The latest box of tricks from Boss is a pedal-based Leslie speaker simulator with some cool flashing lights.
Rotary speakers, or more commonly, systems of rotating baffles placed over fixed speakers, were originally developed for use with the electric organ, but before long, more experimental bands were also using them on guitar and vocals. Recreating this unique sound, which involves variations in level, timbre and pitch, is not easy, and for this latest attempt Roland's Boss division have used their COSM technology to model the characteristics of the rotary speaker in great detail. But what most people will notice first is the wonderful swirling LED display at the centre of the front panel!
In true Boss tradition, the robust pedal is made from cast metal. It can be powered either from six AA batteries or from an optional external power adaptor. All the connections are on the rear edge of the unit. Both the input (switchable to suit guitar or keyboard) and output can be in mono or stereo. There's also a headphone output, and you can plug in an expression pedal to control the effect's speed directly.
The left pedal turns the effect on or off and the right pedal switches between slow and fast speeds. Pressing both pedals together activates the brake, imitating the effect of bringing the rotors to a halt over the period of two or three seconds. The right pedal LED blinks when the brake is active, and stomping on the speed pedal starts the rotary effect again.
There are four effect modes, three of which are rotary speaker emulations while the fourth is inspired by the Univibe pedal made famous by Jimi Hendrix. Mode 1 is designed to sound like a Leslie 122, including that model's overdrive characteristics, while Mode 2 replicates a close-miked version of the same unit to give an enhanced modulation effect. Mode 3 combines the rotary speaker of the first two models with a 1959 Marshall guitar amp, offering more distortion. Finally, there's the Univibe setting, again combined with the guitar amp distortion of Mode 3.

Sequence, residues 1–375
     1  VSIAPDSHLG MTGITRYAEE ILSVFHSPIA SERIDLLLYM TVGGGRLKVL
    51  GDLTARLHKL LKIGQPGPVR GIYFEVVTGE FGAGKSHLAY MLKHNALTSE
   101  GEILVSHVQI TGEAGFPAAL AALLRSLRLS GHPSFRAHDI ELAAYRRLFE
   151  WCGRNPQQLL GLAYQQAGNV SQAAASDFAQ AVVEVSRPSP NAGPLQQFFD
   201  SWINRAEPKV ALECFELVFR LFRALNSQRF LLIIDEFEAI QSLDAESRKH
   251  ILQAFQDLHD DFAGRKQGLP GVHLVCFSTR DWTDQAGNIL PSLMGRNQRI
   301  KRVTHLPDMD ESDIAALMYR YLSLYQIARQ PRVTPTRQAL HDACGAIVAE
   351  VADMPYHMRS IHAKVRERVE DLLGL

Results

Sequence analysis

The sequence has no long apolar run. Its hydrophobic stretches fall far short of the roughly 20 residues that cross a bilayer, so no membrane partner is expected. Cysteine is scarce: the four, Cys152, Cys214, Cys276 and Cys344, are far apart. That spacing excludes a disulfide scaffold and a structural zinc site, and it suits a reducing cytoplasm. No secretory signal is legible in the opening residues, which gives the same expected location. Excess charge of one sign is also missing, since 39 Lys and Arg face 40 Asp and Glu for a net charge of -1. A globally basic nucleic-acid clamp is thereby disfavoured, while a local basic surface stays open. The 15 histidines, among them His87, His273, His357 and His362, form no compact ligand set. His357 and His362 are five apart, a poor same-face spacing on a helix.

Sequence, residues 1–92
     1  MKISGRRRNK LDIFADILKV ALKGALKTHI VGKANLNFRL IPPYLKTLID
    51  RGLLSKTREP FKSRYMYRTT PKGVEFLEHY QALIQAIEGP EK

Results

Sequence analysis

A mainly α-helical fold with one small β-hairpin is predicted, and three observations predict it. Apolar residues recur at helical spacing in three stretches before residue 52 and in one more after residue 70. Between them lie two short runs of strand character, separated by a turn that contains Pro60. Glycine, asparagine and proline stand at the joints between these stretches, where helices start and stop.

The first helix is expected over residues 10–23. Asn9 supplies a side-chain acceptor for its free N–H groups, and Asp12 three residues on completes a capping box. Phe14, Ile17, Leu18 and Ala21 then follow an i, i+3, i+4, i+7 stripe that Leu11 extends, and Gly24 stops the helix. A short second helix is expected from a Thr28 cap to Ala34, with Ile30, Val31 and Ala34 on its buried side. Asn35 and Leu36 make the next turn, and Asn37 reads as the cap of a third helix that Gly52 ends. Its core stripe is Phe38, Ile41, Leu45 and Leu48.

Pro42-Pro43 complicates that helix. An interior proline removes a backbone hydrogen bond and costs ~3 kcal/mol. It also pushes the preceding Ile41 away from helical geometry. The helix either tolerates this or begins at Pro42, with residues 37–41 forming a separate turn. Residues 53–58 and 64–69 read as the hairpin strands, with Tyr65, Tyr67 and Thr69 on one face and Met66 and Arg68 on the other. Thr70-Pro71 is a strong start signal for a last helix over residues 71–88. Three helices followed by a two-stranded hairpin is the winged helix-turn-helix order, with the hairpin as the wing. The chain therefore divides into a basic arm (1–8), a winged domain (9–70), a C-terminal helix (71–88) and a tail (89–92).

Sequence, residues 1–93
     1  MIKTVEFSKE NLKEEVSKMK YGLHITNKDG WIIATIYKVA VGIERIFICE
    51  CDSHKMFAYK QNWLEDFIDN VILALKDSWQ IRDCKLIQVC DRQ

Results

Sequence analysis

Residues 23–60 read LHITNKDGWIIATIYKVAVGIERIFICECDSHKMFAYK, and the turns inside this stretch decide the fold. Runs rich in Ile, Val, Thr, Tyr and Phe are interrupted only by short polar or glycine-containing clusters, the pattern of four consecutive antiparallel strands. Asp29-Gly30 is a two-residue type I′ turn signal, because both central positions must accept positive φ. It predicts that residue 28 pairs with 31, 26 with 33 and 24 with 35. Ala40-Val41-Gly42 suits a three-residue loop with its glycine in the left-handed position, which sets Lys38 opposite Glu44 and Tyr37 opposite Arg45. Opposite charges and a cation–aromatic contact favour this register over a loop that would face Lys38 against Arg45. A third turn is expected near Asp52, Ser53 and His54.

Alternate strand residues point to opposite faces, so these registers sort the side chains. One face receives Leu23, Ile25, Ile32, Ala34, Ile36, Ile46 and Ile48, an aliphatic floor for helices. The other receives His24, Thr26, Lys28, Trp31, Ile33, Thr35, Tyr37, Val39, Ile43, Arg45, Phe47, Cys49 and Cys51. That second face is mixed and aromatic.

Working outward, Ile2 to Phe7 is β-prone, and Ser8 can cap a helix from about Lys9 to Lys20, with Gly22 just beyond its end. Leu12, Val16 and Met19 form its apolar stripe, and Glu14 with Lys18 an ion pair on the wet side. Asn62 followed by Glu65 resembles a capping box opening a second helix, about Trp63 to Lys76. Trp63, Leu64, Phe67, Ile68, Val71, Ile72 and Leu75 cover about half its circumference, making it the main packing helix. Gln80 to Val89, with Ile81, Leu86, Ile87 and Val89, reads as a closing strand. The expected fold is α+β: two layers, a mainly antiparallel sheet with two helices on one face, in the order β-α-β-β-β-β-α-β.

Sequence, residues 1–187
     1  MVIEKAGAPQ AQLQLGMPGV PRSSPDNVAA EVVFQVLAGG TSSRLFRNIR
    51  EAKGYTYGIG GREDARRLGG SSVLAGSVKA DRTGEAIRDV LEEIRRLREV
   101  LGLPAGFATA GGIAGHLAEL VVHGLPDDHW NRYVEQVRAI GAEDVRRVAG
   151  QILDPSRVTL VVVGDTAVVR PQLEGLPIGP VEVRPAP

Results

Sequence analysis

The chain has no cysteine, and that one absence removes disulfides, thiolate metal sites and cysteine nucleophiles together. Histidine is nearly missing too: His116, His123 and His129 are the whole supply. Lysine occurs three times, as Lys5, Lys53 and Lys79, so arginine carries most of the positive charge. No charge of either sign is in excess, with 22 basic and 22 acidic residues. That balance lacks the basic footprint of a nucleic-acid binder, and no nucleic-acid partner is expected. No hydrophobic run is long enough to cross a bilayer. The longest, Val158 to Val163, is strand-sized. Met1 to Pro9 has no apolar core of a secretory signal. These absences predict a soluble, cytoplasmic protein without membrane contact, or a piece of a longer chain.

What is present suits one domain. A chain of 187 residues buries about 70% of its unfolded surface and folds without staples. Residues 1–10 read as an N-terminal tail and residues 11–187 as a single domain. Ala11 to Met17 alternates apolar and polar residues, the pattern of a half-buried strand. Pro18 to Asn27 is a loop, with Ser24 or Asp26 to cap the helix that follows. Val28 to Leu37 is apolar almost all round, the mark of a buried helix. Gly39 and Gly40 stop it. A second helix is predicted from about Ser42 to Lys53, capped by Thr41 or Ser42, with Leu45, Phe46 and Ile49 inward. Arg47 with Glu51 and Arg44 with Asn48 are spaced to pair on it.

Other controls adjust how long it takes the effect to speed up and slow down when the speed is changed, the level of the effected and direct signals, the bass/horn balance, the slow and fast rotary speeds and the amount of distortion, from off to fully saturated. The central elliptical display comprises multiple red and blue LEDs that are sequenced to provide a sense of bass and horn rotation.
The first thing you notice about a real Leslie is that it reproduces no real high end at all, with the treble horn carrying mainly mid-range information with a lot of tonal coloration. The same is true of the RT20, which reshapes the high end very much like the real thing. In my view the dynamics of the speed change feel pretty good, as does the brake option, and being able to change the horn/bass balance gives you a reasonable amount of control over tonality. The effect works nicely both in stereo and mono. In fact, it seems to lose very little for being used in mono. I'm not entirely convinced that it exactly captures the more subtle nuances of the watery shimmer that a real Leslie produces but that's hard to judge — with the real thing much depends on the room you record it in and on how you mike it up. However, the RT20 is certainly warm and musical and sounds good on both guitar and keyboards. As a gentle and more musical alternative to a slow chorus or phaser, the slow setting is very hard to beat. The Univibe setting gives a lovely soft phasey chorus, with the balance knob acting as a depth control.
I did notice that the unit produced a noticeable amount of noise that also gets processed via the rotary effect, but this dies away smoothly as your input sound decays. The noise does add an organic (no pun intended) quality to the sound and it may have been added intentionally to simulate the wind and mechanical noise of the real thing, but if that is the case, I'd have liked the option of turning it off!
Having adjustable distortion is very useful, both for guitar and keyboards. With keyboards it gives a nice low-end growl but can also tend to make the sound a bit muddy. As promised, the guitar-amp-style distortion of Mode 3 and 4 is a bit more far-reaching but still very dense at the lower frequencies.
While there are software emulations and effects built into keyboards and amps that sound to my ears just as authentic as the RT20, having everything in a pedal really is a bonus in terms of controllability, especially when playing live. It isn't particularly cheap, but the RT20 lets the user tailor the effect to a useful extent and switch speeds and brake using pedals. Its replication of the mid-range tonal coloration of a Leslie speaker is also probably more accurate than most, while the addition of a very sweet Univibe emulation and built-in distortion is icing on the cake. There's also the advantage that the RT20 can process mono or stereo signals, producing a mono or stereo output, and it's switchable to suit guitar or keyboard sources. Using the keyboard setting, it's possible to process line-level sources, so you could use it in the studio for treating already-recorded tracks. While the purists will continue to argue about the authenticity of all such units, I know which I'd rather carry up the fire escape to a gig!